"Resist to the Last Extremity": The Repeal of the Fugitive Slave Laws

Celano, Daniele, History - Graduate School of Arts and Sciences, University of Virginia
Elizabeth, Varon, History, University of Virginia
Nicoletti, Cynthia, Law, University of Virginia

In May of 1861, Kentuckian James Holt wrote to his fellow statesman, Joshua F. Speed, anxious over the border state's position as the secession crisis fomented. Holt urged for Unionism, as abdicating the Constitution's legal protections would remove Northern responsibility of fugitive slave recapture and undermine slavery's viability. The 1850 Fugitive Slave Law thus provided a catalyst for loyalty in Kentucky, yet historiography has treated the 1864 congressional repeal of the Fugitive Slave Law as an effectively symbolic measure. By situating the repeal within the larger context of the Lincoln Administration’s invocation of federal war powers, however, the repeal emerges as a significant political action that reshaped the contours of legal challenges to emancipation. Tracing the wartime evolution of the Fugitive Slave Act's operation in Kentucky exposes how loyal slaveholders resisted military emancipation by launching Constitutional objections to the war powers. Kentuckians did not distinguish, in legal terms, between military usurpation of civil liberties, and the abrogation of their right to recapture slaves that fled to Union lines. The war fundamentally disrupted the civil operation of fugitive slave laws, and prompted major conflict with the federal government over the legitimacy of invoking the laws of war over loyal civilians. Understanding the linkage of these issues by slaveholding Kentuckians is key to understanding slavery's border state erosion. Kentuckians resisted both legally and politically by arresting military officials for violating state slave codes and proposing pro-slavery resolutions in Congress. Far from an insignificant law on the road toward the 13th Amendment, the 1864 Repeal of the Fugitive Slave Law provides insight into how border state citizens resisted military emancipation by challenging the laws of war.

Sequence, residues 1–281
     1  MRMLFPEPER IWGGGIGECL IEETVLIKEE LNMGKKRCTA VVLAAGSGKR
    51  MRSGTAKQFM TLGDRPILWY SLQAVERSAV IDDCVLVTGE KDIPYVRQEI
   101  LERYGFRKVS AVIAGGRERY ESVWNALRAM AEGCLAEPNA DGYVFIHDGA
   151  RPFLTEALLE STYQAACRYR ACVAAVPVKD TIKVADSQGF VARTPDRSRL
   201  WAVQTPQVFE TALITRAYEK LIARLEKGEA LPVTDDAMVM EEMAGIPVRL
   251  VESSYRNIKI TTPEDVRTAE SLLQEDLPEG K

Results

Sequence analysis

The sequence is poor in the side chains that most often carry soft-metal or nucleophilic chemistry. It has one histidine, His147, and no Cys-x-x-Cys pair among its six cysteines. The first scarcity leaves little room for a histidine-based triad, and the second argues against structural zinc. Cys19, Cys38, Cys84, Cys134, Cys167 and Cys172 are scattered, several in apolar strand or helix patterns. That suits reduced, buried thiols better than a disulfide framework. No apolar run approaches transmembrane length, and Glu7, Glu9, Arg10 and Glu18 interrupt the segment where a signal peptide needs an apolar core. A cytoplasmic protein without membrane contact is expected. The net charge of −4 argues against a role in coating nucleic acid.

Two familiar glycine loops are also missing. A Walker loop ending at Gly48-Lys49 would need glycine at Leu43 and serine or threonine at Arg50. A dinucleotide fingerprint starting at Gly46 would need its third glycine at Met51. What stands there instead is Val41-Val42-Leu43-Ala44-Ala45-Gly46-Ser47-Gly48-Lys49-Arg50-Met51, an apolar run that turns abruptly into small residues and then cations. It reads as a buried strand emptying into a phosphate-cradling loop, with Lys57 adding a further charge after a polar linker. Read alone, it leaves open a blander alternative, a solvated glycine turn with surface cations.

MA (Master of Arts)
Military Emancipation, Slavery, Civil War, Law
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